There are signs that buyers are finally applying the brakes to real-estate speculation in Orange County.
''We all voted for President Reagan here because he said he'd cut inflation, and he's doing it,'' says Newport Beach real-estate broker Jim Wood. The cooling of inflation has led to price resistance - and is removing speculators from the housing market, he says.
Not only are asking prices falling, Mr. Wood argues, but in some cases people who have bought in the last few years are selling houses for less than they paid for them.
He cites a couple who bought a three-bedroom condominium in a ''guarded-gate community'' for $325,000 two and a half years ago. When they needed to sell it to accept a new job on the East Coast, they decided to ask $360,000, to get back what they put into it, plus selling costs. But when someone made them a cash offer, they ended up accepting less than what they paid for it.
''Now people are buying shelter - very comfortable shelter, in the case of Newport Beach, but still just shelter.''
''A certain realism needs to be injected into the market,'' Mr. Wood argues. The high cost of housing in Orange County includes not just the base price of a house, but high interest rates, taxes, and homeowners' dues. ''Sellers have got to look at what buyers are willing to pay.''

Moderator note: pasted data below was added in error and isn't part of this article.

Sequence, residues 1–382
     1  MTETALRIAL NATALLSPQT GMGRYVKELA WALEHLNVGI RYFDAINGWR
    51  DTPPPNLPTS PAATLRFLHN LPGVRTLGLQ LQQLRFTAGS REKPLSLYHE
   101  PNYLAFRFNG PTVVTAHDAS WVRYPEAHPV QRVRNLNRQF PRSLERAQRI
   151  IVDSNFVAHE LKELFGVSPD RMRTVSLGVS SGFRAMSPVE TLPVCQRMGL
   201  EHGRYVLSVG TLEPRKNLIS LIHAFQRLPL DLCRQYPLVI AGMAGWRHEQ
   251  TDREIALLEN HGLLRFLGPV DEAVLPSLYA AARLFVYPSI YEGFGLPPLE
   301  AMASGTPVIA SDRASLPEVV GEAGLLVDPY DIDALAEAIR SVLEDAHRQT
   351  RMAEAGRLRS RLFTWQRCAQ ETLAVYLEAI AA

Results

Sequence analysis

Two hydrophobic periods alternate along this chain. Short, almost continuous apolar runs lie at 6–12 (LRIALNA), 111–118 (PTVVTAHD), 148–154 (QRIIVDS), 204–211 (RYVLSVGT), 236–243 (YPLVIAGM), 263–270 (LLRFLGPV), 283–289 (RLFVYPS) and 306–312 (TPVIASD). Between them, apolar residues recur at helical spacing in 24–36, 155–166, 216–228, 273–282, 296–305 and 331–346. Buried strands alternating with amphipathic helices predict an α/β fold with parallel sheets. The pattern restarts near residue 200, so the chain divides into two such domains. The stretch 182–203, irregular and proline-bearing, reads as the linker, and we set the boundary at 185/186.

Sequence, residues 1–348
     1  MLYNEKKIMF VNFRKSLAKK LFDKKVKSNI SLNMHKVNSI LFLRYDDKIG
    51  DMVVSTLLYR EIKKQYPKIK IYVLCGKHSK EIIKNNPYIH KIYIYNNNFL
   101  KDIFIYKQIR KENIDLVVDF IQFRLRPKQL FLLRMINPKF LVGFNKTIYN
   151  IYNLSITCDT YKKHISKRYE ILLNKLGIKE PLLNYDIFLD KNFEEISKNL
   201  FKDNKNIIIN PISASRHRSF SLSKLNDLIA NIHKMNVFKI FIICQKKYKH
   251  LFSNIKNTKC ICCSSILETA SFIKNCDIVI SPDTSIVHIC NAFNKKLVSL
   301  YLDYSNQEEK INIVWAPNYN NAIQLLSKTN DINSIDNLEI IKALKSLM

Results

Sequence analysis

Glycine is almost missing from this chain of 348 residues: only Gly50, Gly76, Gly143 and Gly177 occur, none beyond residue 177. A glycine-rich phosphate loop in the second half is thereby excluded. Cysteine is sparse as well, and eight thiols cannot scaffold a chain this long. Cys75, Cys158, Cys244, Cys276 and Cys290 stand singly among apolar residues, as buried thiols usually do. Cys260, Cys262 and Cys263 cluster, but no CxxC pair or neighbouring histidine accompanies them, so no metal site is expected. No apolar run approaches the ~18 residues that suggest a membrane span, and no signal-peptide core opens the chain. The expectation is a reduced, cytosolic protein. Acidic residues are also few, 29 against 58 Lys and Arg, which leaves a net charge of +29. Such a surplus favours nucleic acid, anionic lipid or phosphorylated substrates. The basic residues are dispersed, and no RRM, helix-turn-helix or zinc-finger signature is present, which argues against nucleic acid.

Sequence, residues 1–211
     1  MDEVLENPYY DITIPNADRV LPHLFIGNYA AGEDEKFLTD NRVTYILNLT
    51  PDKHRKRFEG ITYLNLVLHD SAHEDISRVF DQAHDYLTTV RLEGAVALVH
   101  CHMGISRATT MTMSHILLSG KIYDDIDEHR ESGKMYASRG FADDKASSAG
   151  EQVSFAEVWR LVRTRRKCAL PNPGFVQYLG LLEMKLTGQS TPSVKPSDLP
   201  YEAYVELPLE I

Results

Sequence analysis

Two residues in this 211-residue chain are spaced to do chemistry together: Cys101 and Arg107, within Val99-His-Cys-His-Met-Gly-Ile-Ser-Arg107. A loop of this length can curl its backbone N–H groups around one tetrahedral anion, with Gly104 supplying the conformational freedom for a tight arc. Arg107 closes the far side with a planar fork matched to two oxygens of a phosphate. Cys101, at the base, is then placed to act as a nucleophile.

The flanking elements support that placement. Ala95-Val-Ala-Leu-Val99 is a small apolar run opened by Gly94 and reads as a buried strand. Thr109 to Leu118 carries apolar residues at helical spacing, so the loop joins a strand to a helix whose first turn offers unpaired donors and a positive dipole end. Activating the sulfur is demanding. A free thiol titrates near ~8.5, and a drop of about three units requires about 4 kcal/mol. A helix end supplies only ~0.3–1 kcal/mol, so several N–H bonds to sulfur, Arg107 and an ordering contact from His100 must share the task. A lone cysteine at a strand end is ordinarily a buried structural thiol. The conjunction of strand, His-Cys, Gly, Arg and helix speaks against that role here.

But James L. Doti, of the Center for Economic Research at Chapman College here, sees it differently. He feels the much-anticipated slide in real estate prices may turn out to be a non-event.
He anticipates housing prices will rise only 5.7 percent in 1982. This, against 6 or 6.5 percent inflation, means a decline in real terms. But not by much.
His reason for assuming prices will ''fall'' no more than that? Brace yourselves for this one: He says they aren't that high in the first place.
''Housing payments as a percentage of income rose from 13.8 percent in 1965 to 45.4 percent now - which is incredible,'' he acknowledges. But making certain ''reasonable assumptions'' about homeowners' tax breaks and inflation, he demonstrates how average real after-tax payment as a percentage of income over the life of a mortgage has gone only from 9.6 percent to 14.6 percent. He calculates a 10 percent annual increase in a family's income, which suggests less confidence in the Reagan administration's inflation-fighting ability than Mr. Wood has. He also calculates from the basis of a long-term, fixed-rate mortgage.
Mr. Doti suggests the affordability problem for housing should be met with greater use of an instrument coming into vogue around the country: graduated-payment mortgages.
Meanwhile, in the great scheme of things, real estate prices would seem not to affect Orange County living costs so disastrously as might be imagined. The federal Bureau of Labor Statistics put the cost of living in the Los Angeles-Orange County area in 1981 at only 8 percent above national averages for lower-budget life styles. Higher rents and transportation costs were responsible for most of the difference. The cost of living for intermediate and upper-income life styles was found to be very close to national averages.